The National Democratic Congress (NDC) Member of Parliament (MP) for Asunafo South in the Brong-Ahafo Region and Majority Leader Osei Kyei-Mensah-Bonsu clashed on the government’s 2017 budget when the former accused the ruling New Patriotic Party (NPP) of plagiarising aspects of the NDC’s 2016 budget.
The Asunafo South MP, contributing to the debate on the budget yesterday, said the NPP, realising that the NDC’s budget of 2016 had good policies, plagiarised some aspects relating to coffee production in the country.
He said the NPP lifted word-to-word paragraphs 405, 406 and 407 of the 2016 budget and inserted them into paragraphs 373, 374 and 275 of the 2017 fiscal statement.
Paragraph 273 of the 2017 budget says principally that the government has allocated GH¢2.04 million for the procurement of five million improved coffee planting seedlings for free distribution to coffee farmers while in the 2016 budget, paragraph 405 also talked about government allocating GH¢2.0 million for the procurement of two million improved coffee planting seedlings for free distribution to coffee farmers.
But Eric Opoku said the whole content was lifted into the 2017 budget which is not only a clear act of plagiarism, but an admission that NDC’s policies were also good enough for the NPP to adopt.
The majority leader said the assertion by Eric Opoku was palpable untruth because when two budgets are compared, the figures quoted are not the same.
“Mr Speaker, if my colleague opposite is making that argument it means he does not understand what he is talking about because comparing the two documents, the amounts quoted are GH¢2.0 million and GH¢2.04 million respectively while the number of coffee farmers to be given such assistance are two million and five million respectively so they cannot be the same,” Mr Kyei-Mensah-Bonsu pointed out, stressing that indeed comparing the two, the NPP would use GH¢2.04 to procure five million improved seedlings for coffee farmers but the NDC used GH¢2.0 million to procure just two million improved seedlings for coffee farmers – meaning all the money mentioned in the NDC’s budget was not used for the purpose stated in the budget.
Mr Eric Opoku said the NPP was only offering lip service to improving agriculture in the country, stressing that after the then flag bearer, Nana Akufo-Addo, had promised the people of the Brong-Ahafo Region that his administration would establish Cashew Marketing Board to promote the production of cashew in the region, nothing was said about cashew production in the 2017 budget.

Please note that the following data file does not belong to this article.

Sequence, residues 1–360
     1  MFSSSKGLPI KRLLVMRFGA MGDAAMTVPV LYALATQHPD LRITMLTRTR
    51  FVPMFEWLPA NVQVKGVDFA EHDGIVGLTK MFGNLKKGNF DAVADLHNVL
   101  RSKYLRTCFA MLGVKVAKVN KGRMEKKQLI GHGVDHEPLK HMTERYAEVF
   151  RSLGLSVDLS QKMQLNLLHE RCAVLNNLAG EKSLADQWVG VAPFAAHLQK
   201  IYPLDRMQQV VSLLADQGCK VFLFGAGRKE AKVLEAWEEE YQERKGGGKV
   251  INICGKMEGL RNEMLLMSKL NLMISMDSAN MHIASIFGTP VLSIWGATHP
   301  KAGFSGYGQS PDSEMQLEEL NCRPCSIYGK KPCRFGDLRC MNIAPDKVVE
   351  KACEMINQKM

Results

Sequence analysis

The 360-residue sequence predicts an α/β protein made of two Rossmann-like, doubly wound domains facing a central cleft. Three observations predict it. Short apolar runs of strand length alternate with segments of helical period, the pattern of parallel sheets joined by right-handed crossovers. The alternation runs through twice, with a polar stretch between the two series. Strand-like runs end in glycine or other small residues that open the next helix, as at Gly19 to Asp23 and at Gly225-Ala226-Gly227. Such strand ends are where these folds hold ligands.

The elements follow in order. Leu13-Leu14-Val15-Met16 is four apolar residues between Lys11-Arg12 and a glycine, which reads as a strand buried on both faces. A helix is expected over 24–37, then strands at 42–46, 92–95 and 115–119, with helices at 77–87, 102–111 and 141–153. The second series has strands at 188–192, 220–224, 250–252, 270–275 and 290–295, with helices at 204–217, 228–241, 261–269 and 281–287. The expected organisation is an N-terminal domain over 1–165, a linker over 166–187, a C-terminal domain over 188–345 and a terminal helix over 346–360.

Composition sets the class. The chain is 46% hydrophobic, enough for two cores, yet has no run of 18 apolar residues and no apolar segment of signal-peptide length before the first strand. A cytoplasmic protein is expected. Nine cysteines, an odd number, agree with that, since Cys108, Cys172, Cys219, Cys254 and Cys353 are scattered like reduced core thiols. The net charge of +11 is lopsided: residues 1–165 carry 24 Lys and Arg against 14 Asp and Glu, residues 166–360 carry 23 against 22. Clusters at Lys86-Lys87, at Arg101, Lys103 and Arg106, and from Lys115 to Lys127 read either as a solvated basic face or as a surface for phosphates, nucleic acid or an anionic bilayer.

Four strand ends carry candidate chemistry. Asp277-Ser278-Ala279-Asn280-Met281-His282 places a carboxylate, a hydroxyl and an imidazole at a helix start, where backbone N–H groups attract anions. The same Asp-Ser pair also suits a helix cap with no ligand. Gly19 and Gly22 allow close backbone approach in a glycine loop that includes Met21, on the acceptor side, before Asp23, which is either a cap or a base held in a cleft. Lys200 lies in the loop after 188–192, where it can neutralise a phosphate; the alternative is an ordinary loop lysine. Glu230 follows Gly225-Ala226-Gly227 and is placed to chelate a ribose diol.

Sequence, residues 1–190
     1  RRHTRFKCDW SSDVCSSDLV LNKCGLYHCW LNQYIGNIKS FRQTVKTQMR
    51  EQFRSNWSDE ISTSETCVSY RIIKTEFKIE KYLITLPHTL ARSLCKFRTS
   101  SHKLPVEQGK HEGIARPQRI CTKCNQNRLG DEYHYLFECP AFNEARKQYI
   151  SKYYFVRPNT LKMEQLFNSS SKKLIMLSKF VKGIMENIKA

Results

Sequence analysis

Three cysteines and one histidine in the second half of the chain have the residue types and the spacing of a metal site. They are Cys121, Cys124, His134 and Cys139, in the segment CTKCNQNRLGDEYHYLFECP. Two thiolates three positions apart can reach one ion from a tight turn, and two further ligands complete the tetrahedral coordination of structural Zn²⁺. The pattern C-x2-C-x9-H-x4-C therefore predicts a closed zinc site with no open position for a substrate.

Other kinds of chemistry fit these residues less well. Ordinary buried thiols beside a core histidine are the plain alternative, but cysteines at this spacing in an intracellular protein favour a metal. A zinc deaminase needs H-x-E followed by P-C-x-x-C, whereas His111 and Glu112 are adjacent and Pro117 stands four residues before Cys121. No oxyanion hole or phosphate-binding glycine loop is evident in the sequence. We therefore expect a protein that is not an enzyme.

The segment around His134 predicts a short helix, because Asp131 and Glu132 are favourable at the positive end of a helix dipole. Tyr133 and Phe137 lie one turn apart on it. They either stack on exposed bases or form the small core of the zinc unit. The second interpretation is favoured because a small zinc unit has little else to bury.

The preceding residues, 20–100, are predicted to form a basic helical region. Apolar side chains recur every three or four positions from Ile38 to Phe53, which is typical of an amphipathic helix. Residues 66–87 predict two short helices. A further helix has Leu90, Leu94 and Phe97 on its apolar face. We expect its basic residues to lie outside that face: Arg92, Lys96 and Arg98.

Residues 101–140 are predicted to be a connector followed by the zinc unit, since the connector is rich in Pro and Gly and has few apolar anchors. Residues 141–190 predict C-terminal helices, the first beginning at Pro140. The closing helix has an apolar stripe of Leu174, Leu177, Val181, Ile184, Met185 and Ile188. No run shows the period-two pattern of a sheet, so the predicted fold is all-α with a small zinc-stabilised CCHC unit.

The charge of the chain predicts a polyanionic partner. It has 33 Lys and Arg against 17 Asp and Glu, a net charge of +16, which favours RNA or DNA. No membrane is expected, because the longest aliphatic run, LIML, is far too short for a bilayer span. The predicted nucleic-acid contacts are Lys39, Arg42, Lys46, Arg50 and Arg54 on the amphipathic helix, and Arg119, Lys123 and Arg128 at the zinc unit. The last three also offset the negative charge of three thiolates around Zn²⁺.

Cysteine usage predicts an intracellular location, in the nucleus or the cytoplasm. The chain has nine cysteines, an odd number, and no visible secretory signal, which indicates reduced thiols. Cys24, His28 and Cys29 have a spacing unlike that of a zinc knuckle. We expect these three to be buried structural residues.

The Asunafo South MP noted that the government’s budgetary allocation for the agricultural sector is almost twice that of the NDC in 2016, yet no concrete policy was mentioned in the budget to show that there would be improved agricultural production – meaning the money quoted for the agriculture sector could be used for something different.
The NPP MP for Akwapim South, O.B. Amoah, who also contributed to the debate, said the NDC left the worst legacy in sanitation.
He said after making a lot of noise of procuring $633 million loan for improving sanitation in the Accra Metropolitan Area, the city is still engulfed in filth.
“The NDC had an abysmal and poor waste management programme after creating Waste Management Fund of $74 million,” he noted.
He said the NPP would implement the National Urban Programme to bring life into the major cities in Ghana..
Mr Amoah said unlike the NDC which invested GH¢84 million into the Local Enterprise and Skills Development Programme (LESDEP) but no results were achieved, the NPP would implement its ‘one district, one factory’ programme and achieve greater results under it.
He said the 2017 budget would achieve macro-stability and create the enabling environment for the private sector to thrive and in so doing, help to create more jobs for the teeming unemployed youth.
“This budget is a budget of hope, a budget that will sow the seed for growth and jobs and bring greater hope to all Ghanaians,” he said, adding that the NDC must rather support such a life-transforming budget and not criticise it.
By Thomas Fosu Jnr